Meanwhile the task for the architect was, we are given to believe, more straightforward. MVRDV was to design a building, which, despite its size and overpowering presence, would not block the view from the adjacent neighbourhood to the park, and which would also afford a maximum number of flats a direct share of the vista of fully grown trees.
If one approaches the project from the park or from the extensive asphalt plane on the entrance side, it presents itself as a very large and thick slab, with facades clad in anthracite concrete panels, a grid of floor-to-ceiling windows, and balconies with glass balustrades. In this volume large holes — two facing the park, three on the other side — offer views into the interior of the block like oversized loggias for a garden party.
According to the architect, this layout is the outcome of a design process that initially considered the scheme as a series of towers on a plinth. This was abandoned in favour of a large, simple volume: an out-of-scale “manor house overlooking the park”.
“The ruthlessness of this solution represents the kind of bold gesture with which MVRDV established itself”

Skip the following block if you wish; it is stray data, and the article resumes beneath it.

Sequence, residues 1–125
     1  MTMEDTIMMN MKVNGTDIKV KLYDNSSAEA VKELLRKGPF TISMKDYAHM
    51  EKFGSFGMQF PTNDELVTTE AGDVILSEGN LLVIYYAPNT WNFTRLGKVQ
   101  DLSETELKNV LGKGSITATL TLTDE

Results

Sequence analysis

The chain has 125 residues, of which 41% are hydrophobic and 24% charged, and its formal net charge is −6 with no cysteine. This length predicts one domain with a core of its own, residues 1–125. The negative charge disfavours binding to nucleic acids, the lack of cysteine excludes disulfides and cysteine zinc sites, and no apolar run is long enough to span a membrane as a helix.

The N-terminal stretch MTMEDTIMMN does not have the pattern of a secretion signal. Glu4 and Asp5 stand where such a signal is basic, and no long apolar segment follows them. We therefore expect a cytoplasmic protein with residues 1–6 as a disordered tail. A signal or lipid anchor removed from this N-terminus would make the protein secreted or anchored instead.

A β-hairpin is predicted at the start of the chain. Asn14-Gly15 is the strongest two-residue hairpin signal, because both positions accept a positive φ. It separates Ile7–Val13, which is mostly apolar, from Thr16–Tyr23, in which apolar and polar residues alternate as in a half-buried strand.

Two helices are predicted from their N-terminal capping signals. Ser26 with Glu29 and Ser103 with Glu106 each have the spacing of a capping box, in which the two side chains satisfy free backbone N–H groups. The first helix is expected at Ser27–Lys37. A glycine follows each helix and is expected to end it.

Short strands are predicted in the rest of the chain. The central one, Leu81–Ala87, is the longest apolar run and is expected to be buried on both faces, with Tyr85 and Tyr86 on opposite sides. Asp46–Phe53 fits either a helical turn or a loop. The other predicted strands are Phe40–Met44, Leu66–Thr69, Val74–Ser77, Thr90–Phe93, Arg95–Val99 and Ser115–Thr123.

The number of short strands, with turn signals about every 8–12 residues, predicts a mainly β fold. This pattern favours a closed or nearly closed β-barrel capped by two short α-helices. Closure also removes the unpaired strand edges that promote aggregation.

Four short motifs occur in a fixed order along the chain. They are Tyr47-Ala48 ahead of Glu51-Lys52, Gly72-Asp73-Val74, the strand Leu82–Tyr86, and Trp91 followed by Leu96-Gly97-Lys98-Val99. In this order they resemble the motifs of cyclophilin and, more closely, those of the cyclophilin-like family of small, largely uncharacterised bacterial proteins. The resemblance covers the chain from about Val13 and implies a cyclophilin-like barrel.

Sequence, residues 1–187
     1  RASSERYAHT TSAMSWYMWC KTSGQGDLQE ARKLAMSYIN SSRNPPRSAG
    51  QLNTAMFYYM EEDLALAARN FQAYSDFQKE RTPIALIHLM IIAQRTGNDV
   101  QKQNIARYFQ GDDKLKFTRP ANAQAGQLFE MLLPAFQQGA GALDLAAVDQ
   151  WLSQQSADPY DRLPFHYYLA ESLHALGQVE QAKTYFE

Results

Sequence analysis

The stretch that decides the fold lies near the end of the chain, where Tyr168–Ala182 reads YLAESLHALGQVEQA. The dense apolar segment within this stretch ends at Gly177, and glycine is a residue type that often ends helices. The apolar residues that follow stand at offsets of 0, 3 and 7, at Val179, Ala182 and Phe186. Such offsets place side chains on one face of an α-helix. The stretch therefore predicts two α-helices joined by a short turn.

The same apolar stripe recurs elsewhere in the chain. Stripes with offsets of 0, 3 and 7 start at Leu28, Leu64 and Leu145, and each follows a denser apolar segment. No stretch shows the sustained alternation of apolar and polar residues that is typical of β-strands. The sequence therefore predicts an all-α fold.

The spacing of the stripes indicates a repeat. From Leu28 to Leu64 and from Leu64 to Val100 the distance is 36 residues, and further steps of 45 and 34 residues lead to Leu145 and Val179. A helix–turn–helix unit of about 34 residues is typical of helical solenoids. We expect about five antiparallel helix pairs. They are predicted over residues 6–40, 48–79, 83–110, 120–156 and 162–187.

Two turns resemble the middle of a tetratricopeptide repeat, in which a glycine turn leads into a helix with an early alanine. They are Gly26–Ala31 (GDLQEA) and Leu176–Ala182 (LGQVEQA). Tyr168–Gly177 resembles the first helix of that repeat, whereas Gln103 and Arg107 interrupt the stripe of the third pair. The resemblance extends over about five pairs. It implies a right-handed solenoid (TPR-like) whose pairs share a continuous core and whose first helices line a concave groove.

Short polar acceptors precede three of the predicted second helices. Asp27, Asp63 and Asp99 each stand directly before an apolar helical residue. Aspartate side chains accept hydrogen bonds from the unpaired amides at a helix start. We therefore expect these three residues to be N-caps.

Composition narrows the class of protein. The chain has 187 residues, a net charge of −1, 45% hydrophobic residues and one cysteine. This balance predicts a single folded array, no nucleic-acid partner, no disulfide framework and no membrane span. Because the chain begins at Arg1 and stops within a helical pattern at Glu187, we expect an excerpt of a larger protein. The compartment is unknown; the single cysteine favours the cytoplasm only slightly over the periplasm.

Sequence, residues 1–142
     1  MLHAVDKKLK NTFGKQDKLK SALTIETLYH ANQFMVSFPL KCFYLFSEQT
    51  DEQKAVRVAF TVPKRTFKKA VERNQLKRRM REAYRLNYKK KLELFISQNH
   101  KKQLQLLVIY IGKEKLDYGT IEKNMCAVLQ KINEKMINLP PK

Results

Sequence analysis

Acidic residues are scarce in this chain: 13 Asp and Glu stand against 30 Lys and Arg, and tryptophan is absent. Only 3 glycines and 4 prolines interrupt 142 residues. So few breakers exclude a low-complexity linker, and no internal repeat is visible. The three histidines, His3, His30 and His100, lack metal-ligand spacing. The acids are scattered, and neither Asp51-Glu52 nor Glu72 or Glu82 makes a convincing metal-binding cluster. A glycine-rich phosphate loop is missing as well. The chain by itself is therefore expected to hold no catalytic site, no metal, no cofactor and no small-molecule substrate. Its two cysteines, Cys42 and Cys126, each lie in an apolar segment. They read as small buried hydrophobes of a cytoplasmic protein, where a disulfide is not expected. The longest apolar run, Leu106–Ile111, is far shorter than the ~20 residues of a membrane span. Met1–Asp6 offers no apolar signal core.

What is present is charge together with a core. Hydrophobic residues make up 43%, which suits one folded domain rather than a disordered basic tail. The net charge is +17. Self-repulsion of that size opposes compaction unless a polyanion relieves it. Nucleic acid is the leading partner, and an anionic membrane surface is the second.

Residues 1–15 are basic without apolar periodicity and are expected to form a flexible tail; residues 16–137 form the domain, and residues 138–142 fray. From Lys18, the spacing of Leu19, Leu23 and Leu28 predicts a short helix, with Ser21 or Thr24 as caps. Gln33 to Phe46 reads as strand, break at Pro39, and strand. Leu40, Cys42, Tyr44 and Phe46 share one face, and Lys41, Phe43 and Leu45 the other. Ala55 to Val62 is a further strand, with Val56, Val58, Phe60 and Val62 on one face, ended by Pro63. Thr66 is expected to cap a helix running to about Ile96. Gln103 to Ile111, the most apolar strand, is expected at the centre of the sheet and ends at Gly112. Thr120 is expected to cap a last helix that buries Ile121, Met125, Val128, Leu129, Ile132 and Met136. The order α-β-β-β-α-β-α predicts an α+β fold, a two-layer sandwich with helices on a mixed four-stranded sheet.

On closer examination the towers are still there, except that at the top they have been connected by a two-storey band of maisonettes, with the supporting structures crashing through the living rooms and open kitchens.
The ruthlessness of this solution, combined with the laconic planning of the dwellings, represents the kind of bold gesture with which MVRDV has successfully established itself, and which will undoubtedly attract the tourists Betsky is expecting. In its treatment of materials, as well as in the design of its interiors and collective open spaces, the Parkrand building is utterly different from the hippie-inspired aesthetic of earlier projects. If one enters the open-air space on the plinth, the first impression is one of strict visual control and exquisite whiteness.